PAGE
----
Magazine article Techniques

Technology + Teaching = Engaged Students Who Learn

Magazine article Techniques

Technology + Teaching = Engaged Students Who Learn

Article excerpt

CAREER AND TECHNICAL EDUCATION (CTE) TEACHERS have the opportunity to change the world every day in their classrooms. Technology--combined with hands-on teaching--strategies facilitates the transformation of teaching by challenging students to think critically, solve problems and work effectively in a team. Standardized tests and educational reform have challenged teachers, but technology can serve as a revolutionary tool to document and disseminate the creativity and innovation that students 4 can achieve in CTE classrooms.

The overall benefits of using technology and hands-on leaching strategies in the classroom include the creation of an engaged community of learners, curriculum that focuses on meaningful and relevant issues in society, and schoolwork that challenges students to apply content. In a matter of seconds, teachers can bridge the engagement gap by using technology to provide students with the knowledge, skills and life experiences that prepare them for living and working in a global society. Technology provides teachers and students access to information, tools and techniques required for learning in the 21st century.

Identifying Content

To begin the process of integrating technology into the classroom, CTE teachers need to identify the content to communicate digitally. National and state standards provide a framework for teachers to use during this process, For example, food preparation education has been a popular subject on TV and online. Teachers can simulate this experience by having students apply chemistry principles to food production in a vegetable-related food demonstration. Students in the class would develop and produce a food-demonstration video for their peers to view and learn from. This is a great example of integrating peer teaching and demonstration into the CTE classroom. Once the video is developed and produced, it can be shared using social media outlets. Based on the content covered in class, countless technology tools can be used to develop student interest and engagement in learning.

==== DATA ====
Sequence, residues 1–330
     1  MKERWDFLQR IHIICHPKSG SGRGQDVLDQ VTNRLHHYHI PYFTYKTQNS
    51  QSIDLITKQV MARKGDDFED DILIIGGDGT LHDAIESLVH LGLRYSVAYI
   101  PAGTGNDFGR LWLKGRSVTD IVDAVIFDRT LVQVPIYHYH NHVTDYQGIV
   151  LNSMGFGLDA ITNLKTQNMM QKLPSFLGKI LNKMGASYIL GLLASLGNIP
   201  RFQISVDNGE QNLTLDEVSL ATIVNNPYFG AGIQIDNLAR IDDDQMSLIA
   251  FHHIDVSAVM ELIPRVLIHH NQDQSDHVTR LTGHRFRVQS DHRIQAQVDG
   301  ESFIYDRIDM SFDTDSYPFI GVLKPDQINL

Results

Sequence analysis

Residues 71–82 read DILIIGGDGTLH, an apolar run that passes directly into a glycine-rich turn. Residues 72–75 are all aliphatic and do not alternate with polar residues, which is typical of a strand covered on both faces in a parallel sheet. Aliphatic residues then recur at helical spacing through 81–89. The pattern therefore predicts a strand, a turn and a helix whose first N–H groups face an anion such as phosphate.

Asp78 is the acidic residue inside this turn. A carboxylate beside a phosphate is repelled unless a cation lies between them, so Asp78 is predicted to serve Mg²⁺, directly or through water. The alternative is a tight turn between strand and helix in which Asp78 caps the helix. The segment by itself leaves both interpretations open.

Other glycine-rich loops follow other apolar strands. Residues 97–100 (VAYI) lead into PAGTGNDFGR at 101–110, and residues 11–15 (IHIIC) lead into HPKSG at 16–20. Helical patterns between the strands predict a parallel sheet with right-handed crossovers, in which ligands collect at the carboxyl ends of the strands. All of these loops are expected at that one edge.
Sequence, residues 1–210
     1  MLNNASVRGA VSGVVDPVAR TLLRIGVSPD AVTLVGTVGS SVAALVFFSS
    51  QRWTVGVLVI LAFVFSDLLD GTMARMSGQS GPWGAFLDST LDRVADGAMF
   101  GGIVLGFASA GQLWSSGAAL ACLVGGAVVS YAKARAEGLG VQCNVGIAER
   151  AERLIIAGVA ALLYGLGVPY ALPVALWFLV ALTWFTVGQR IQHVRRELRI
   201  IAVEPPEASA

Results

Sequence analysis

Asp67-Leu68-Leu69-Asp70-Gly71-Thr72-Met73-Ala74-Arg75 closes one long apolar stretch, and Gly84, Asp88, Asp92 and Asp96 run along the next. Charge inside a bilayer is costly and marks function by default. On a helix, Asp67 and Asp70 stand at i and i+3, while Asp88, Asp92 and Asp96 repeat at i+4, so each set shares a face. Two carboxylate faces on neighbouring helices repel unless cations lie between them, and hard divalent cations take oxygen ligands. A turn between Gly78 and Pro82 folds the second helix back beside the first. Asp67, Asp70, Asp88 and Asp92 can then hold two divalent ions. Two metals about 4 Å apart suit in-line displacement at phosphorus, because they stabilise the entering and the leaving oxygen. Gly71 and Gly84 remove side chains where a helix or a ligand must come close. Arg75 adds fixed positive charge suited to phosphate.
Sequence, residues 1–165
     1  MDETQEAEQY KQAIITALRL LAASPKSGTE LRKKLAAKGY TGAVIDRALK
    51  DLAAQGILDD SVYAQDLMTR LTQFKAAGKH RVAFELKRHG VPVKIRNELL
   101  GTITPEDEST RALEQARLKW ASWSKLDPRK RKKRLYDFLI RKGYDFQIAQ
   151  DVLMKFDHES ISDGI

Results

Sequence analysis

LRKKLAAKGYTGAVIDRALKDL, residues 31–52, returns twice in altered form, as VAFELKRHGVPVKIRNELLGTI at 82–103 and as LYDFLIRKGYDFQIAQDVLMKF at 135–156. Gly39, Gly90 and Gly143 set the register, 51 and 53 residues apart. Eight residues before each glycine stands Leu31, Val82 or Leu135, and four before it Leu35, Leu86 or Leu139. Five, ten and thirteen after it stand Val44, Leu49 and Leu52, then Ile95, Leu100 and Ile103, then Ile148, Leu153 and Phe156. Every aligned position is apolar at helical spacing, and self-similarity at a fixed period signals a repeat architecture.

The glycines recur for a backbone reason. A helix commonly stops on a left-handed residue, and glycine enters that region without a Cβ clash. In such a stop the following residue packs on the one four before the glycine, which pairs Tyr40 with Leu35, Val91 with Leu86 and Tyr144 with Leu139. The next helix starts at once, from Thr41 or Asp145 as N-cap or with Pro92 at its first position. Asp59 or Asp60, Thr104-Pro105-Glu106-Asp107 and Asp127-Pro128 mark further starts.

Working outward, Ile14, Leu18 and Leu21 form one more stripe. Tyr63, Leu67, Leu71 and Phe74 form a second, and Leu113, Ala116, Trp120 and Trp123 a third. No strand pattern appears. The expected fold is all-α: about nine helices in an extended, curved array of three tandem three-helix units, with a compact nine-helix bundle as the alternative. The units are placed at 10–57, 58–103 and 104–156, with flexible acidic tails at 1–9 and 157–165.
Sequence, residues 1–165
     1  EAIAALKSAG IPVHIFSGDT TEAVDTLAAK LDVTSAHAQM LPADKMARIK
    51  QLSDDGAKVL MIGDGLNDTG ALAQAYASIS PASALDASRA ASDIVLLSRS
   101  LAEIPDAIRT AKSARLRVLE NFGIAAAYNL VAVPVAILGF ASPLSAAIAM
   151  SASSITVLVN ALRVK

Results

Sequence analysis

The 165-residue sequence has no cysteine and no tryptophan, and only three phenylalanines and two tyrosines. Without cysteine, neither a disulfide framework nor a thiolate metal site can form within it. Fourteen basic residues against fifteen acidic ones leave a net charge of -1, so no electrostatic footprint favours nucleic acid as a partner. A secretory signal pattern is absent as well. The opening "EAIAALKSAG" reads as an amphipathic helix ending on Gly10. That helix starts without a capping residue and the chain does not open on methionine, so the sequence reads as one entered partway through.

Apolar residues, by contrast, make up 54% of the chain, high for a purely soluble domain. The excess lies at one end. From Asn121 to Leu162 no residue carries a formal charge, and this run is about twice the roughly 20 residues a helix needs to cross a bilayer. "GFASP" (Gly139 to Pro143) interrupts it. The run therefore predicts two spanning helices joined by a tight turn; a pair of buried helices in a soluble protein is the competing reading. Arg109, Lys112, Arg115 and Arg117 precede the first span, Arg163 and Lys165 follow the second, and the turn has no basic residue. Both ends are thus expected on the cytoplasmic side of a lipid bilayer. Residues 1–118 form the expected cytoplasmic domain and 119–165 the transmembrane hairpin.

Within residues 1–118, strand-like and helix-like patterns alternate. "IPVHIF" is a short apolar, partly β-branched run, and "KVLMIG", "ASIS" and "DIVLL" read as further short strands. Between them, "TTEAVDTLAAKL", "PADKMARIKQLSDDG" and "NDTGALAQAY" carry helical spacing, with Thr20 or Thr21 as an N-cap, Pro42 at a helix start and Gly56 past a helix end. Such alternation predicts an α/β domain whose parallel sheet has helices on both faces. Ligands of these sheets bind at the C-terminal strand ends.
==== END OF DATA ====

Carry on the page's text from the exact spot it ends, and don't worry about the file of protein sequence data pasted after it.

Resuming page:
Bringing Content to Life

Students today want to be challenged and engaged, and they want to enjoy the process of learning through relevant lessons and learning activities. Content can be brought to life with video, social media and web development. Youth are using online spaces to explore interests and find information beyond what they are learning in a traditional classroom. As educators, we need to use this reality to challenge students to make a difference in their communities.

Combining technology and service learning is one strategy teachers can use to address students' need to participate in a community of learners. Simply start by asking students about issues that are impacting the community. Is there a food bank in the community that needs donations? Is bullying an issue that needs to be addressed? What can the school community do to raise awareness about environmental issues and sustainability? These topics and many others can be explored using problem-based learning and group investigation.

Problem-based Learning

The integration of problem-based learning into curriculum builds students' capacity to solve problems, think critically and work effectively in a team. Problem-based learning provides a framework for learning modules, courses, programs or specific curricula. For the first step of the problem-based learning process, students are divided into groups and each group is challenged to identify a problem, issue or topic to be explored. Specifically, the group can develop solutions to real-world problems and topics impacting their community.

To introduce a potential problem, issue or topic, the teacher can share a video that presents the issue to be solved. For example, if exploring the subject of where our food comes from, a video from the "Nourish" video series can be used. This video allows teachers to present a variety of potential topics, allowing each group of students to choose a particular facet of the topic they are most interested in exploring. …

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